Council liable for school swimming tragedy
Posted: 20th February 2015
Following a marathon legal struggle, a woman who almost drowned during a school swimming lesson when she was aged 10 has won the right to multi-million-pound compensation after a judge ruled that negligence on the part of her teacher and a lifeguard caused her lifelong injuries.
Annie Woodland was a primary school pupil when she almost lost her life at a municipal pool in July 2000. Her case raised important issues relating to the legal duties owed by teachers and others towards children during educational trips and her legal team had pursued her case through a number of hearings, including before the Supreme Court, before finally achieving success.
Neither her teacher nor the lifeguard had noticed that she was in difficulties before it was too late to save her from oxygen starvation and brain damage and the High Court found that they had not been as attentive as they should have been. The teacher had fallen far below the standard of care reasonably to be expected and the lifeguard had failed in her duty to keep the pool under constant observation.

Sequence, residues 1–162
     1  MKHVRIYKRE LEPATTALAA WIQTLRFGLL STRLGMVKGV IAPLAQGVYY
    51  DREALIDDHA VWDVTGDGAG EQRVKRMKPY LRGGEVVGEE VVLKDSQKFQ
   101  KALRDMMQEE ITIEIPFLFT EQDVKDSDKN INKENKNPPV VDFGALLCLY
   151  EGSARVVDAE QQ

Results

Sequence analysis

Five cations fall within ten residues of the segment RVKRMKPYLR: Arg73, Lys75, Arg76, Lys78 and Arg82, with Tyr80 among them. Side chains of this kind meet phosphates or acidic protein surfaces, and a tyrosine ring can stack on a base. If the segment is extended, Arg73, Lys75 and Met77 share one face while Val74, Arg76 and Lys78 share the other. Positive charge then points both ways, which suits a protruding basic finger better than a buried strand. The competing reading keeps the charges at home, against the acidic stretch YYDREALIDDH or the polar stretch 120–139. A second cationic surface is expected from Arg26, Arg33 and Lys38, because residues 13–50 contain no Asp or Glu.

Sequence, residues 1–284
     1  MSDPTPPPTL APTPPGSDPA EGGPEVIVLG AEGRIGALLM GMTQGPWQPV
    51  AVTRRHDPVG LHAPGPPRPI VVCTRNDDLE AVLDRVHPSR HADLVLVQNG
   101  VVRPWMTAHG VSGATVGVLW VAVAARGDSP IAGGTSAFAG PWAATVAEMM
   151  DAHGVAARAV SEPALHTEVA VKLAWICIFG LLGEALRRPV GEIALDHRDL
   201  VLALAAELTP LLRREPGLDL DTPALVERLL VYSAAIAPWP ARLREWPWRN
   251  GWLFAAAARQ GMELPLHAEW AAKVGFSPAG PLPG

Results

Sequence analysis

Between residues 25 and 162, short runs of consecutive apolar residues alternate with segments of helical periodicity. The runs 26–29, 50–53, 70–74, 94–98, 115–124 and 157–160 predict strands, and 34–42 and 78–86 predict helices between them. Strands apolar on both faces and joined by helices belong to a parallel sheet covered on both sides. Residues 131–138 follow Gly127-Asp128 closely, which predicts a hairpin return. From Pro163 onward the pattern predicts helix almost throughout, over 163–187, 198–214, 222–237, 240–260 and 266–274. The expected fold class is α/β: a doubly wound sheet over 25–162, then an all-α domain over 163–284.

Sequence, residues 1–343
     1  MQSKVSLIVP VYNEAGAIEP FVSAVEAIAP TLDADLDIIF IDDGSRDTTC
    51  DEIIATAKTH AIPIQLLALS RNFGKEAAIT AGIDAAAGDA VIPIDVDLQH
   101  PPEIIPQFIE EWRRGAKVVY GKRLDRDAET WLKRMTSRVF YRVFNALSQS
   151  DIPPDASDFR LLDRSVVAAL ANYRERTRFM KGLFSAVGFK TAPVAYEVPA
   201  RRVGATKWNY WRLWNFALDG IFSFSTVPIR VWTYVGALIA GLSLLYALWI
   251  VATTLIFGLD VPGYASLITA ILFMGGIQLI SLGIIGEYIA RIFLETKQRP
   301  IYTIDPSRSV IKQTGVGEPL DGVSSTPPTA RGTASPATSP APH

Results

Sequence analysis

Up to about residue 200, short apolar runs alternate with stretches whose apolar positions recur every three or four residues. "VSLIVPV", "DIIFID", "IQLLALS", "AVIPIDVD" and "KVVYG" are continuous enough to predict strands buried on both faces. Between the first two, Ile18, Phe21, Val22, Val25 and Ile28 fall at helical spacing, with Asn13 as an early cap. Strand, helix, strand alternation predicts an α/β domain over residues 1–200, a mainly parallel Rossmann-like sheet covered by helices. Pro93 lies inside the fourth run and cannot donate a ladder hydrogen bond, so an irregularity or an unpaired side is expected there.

The amount of the woman’s damages had yet to be assessed; however, her lawyers had estimated the value of her claim at several million pounds, given the extent of her permanent disabilities. The compensation will be payable by Essex County Council, which managed the school she attended and which bore indirect responsibility for the negligence of the teacher and the lifeguard.